(博讯北京时间2012年12月13日 首发 - 支持此文作者/记者)
Mo Yan’s stories have mythical and allegorical pretensions and turn all values on their heads. We never meet that ideal citizen who was a standard feature in Mao’s China. Mo Yan’s characters bubble with vitality and take even the most amoral steps and measures to fulfil their lives and burst the cages they have been confined in by fate and politics.
Instead of communism’s poster-happy history, Mo Yan describes a past that, with his exaggerations, parodies and derivations from myths and folk tales, is a convincing and scathing revision of fifty years of propaganda.
In his most remarkable novel, Big Breasts and Wide Hips,---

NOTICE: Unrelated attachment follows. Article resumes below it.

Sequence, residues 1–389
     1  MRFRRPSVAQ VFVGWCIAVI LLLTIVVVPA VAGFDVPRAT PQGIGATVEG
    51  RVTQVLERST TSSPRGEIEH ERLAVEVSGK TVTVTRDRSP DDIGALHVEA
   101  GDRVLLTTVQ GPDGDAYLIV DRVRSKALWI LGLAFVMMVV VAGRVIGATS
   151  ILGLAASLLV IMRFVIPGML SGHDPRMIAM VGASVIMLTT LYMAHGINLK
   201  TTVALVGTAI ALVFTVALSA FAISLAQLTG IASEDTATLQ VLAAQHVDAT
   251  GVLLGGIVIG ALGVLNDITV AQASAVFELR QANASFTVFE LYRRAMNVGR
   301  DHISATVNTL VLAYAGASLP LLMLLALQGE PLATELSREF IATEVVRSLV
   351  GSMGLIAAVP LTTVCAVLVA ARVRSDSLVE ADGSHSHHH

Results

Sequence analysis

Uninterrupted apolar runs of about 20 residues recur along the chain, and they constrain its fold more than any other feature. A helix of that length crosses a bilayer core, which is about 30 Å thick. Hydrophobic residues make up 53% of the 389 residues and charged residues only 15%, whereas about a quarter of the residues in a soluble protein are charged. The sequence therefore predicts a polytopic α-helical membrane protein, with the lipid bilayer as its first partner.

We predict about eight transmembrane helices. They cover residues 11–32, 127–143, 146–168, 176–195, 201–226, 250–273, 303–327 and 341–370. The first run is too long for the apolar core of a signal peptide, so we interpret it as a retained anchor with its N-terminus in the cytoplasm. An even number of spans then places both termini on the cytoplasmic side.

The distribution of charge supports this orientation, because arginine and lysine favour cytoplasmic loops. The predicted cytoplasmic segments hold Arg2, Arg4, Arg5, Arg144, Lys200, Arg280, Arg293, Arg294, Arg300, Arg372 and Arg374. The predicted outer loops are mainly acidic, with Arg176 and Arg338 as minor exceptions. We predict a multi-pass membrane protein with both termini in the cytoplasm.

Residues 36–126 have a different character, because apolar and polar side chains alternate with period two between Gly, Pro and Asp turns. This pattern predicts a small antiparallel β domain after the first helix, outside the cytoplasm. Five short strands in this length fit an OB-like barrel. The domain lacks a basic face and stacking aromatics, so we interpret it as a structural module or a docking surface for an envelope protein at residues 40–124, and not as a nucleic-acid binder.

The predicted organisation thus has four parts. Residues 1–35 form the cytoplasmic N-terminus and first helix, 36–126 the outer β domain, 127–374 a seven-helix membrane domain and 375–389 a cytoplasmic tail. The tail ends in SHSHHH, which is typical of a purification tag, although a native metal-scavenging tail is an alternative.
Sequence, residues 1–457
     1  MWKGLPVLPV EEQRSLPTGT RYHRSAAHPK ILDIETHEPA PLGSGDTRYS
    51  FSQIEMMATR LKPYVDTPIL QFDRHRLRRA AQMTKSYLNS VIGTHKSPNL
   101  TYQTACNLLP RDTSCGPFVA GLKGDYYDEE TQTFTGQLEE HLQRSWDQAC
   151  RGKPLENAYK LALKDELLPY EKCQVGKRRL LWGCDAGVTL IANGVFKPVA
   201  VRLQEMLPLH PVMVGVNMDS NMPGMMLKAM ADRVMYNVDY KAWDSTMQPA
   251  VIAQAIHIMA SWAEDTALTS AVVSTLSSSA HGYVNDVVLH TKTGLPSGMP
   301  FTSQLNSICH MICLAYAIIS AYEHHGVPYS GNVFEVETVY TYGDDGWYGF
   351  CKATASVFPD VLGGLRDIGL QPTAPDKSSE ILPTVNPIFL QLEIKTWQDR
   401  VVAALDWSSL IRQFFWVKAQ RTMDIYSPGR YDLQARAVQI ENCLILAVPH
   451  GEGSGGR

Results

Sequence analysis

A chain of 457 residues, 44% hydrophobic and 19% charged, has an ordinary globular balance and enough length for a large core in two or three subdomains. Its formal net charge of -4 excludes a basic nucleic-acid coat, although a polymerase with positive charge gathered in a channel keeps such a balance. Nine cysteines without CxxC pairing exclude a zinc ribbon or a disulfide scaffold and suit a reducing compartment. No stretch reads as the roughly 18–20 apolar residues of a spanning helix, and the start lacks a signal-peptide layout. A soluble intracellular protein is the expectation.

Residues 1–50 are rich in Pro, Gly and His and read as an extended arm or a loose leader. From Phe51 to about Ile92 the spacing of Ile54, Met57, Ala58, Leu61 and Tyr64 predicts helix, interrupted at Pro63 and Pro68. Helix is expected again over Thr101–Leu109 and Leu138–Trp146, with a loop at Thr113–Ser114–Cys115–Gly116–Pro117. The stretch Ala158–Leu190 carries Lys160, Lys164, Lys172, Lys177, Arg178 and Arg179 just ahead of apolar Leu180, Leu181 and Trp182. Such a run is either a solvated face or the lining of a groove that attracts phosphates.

He is more hilarious and more appalling than most in the wake of Rabelais and Swift — in our time, in the wake of García Marquez. His spice blend is a peppery one. On his broad tapestry of China’s last hundred years, there are neither dancing unicorns nor skipping maidens. But he paints life in a pigsty in such a way that we feel we have been there far too long. Ideologies and reform movements may come and go but human egoism and greed remain. So Mo Yan defends small individuals against all injustices – from Japanese occupation to Maoist terror and today’s production frenzy.
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